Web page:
Things Family Members Should Know About Parkinson’s
Parkinson’s, like any other chronic illness that affects the brain, can be incredibly hard on families. It can be emotionally devastating to see a family member suffer through the symptoms of Parkinson’s, while trying to summon up the energy to support and care for them properly. Parkinson’s UK also suggests there is still a lot of ignorance surrounding the illness, with many myths and misconceptions about causes, symptoms, and treatments.
If you have a family member who has recently been diagnosed with Parkinson’s, here are some important things you should know.
Parkinson’s is different for everyone
Everyone who suffers from Parkinson’s will find slight variations in their symptoms. Yes, there are lists of common symptoms that many people with the condition will notice, but no two cases are the same. Research will help you to understand what you and your family might be facing, but it’s equally important to communicate with the person who has been diagnosed to gauge the ways they might be affected.
It is possible to live well with Parkinson’s
Many people believe that a Parkinson’s diagnosis is akin to a death sentence. But with the treatments available today, it’s possible to manage Parkinson’s carefully and successfully. Many people living with Parkinson’s live well, leading full and happy lives for many years after their initial diagnosis.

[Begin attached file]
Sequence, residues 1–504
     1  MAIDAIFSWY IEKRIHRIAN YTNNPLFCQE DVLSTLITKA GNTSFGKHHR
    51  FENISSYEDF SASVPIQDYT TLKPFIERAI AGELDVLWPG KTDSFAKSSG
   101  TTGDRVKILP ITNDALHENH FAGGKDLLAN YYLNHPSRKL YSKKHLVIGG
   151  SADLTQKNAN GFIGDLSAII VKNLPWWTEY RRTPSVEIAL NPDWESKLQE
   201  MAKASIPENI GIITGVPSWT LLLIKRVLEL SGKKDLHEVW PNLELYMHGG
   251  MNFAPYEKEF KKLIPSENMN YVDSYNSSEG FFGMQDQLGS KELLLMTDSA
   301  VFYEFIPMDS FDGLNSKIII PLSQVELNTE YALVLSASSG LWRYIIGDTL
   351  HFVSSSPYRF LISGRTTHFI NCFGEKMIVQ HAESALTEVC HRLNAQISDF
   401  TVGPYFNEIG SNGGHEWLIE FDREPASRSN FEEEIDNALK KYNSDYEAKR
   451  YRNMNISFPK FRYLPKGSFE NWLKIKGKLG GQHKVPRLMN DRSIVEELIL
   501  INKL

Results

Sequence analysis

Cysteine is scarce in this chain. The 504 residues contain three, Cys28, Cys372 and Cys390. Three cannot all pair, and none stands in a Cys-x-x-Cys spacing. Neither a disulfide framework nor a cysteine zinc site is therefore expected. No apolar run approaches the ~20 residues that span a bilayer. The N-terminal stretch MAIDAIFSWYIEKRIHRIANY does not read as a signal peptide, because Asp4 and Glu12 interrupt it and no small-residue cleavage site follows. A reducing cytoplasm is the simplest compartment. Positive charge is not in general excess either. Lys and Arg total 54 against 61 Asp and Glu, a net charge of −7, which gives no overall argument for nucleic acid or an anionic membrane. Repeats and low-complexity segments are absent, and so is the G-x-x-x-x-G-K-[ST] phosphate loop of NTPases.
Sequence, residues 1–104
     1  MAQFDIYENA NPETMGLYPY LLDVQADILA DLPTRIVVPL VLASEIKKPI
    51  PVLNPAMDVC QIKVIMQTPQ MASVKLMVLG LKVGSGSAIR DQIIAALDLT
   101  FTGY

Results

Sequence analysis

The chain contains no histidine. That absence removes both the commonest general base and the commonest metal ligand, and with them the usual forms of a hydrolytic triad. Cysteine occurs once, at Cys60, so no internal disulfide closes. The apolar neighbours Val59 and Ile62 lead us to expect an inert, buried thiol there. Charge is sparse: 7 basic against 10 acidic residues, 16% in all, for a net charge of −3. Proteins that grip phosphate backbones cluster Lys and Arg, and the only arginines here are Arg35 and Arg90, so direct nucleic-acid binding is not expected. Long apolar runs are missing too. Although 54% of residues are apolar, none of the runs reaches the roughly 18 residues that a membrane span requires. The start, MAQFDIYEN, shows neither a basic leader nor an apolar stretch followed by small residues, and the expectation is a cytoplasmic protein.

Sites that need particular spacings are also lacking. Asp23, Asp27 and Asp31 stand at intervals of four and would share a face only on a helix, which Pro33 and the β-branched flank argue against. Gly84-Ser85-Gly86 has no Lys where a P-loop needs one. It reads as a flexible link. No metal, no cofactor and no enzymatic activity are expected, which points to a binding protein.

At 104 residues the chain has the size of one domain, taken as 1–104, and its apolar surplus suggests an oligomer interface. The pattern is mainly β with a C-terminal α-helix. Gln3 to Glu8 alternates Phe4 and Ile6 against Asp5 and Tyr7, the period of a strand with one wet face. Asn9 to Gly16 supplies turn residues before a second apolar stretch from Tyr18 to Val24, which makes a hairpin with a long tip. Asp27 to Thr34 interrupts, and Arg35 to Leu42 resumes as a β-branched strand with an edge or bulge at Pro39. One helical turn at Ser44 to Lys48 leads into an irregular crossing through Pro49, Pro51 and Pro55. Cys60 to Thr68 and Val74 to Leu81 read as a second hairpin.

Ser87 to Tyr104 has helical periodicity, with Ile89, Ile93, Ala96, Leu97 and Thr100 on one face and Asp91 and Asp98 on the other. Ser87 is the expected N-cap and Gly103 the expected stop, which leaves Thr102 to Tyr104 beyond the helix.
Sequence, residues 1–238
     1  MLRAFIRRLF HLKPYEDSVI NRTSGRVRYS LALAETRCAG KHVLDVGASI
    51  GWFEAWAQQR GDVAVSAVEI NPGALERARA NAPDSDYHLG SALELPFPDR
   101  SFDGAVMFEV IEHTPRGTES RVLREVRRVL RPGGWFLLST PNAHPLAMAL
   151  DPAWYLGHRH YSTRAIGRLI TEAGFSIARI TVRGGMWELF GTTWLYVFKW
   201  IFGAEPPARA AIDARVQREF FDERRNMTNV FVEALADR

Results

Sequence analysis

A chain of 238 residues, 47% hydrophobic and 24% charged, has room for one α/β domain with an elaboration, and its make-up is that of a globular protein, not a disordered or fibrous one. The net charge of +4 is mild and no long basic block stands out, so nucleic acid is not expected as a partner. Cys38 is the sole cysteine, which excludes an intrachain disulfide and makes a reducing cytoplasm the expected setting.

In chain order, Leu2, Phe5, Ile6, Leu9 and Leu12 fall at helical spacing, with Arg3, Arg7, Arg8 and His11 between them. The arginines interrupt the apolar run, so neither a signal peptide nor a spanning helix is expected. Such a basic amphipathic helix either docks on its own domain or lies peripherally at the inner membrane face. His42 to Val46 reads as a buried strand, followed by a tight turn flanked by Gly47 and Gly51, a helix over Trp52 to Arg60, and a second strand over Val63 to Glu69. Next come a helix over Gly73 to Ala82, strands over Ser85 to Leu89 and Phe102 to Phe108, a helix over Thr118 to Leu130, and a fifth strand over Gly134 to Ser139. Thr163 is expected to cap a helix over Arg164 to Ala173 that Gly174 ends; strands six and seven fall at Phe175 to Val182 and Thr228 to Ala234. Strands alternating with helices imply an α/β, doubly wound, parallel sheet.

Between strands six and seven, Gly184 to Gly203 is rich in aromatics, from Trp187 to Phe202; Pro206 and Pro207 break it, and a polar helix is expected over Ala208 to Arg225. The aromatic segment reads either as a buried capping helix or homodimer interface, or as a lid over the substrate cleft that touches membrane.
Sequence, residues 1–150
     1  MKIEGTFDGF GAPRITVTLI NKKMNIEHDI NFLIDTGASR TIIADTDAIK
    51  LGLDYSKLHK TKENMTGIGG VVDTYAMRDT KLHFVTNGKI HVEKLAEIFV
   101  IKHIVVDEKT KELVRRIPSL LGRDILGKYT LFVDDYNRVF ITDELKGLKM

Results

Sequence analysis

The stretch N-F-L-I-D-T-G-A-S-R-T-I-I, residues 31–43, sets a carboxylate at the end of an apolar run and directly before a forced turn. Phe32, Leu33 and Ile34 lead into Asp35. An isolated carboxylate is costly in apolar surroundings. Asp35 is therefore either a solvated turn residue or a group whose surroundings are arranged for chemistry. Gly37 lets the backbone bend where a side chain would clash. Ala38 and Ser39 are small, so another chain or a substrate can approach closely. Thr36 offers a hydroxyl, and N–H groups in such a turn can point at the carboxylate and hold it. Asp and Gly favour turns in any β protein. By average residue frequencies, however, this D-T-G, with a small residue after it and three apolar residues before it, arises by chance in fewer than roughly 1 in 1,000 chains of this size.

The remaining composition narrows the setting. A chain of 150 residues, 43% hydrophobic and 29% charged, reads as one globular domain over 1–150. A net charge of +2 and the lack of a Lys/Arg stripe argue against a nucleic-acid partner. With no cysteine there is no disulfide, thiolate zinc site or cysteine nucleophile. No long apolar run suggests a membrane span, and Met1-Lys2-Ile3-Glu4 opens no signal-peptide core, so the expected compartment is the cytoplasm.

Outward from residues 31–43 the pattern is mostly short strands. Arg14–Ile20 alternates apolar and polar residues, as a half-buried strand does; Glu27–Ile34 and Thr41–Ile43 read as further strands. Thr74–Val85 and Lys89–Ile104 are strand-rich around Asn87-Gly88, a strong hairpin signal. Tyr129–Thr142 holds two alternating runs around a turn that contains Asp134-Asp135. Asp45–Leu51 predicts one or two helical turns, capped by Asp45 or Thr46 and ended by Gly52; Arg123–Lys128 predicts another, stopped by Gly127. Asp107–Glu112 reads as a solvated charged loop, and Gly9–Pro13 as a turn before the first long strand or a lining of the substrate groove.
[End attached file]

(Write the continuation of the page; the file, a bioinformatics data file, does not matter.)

Being active is important
For someone with Parkinson’s, being active is vital. Family members can help keep their loved one active over the long-term, whether it’s simple activities like hanging out the washing, or sustained exercise like going for a walk. These small improvements can enhance life with Parkinson’s and ease symptoms.
Many of the symptoms are invisible
Family members should be aware that many of the symptoms of Parkinson’s are invisible. Signs of depression, fatigue and anxiety, for example, might not be immediately apparent, but your loved one may be suffering inside. Encourage your loved one to talk about how they feel and the progression of their ‘invisible’ symptoms, so that you can better care for them in the long-term.
Help is at hand
Families don’t need to cope alone in the aftermath of a Parkinson’s diagnosis. There are a multitude of charities and support groups out there, not only for those who have received a diagnosis, but for their loved ones who are coming to terms with it. Seek help if you need it, and create a strong support network for your entire family.
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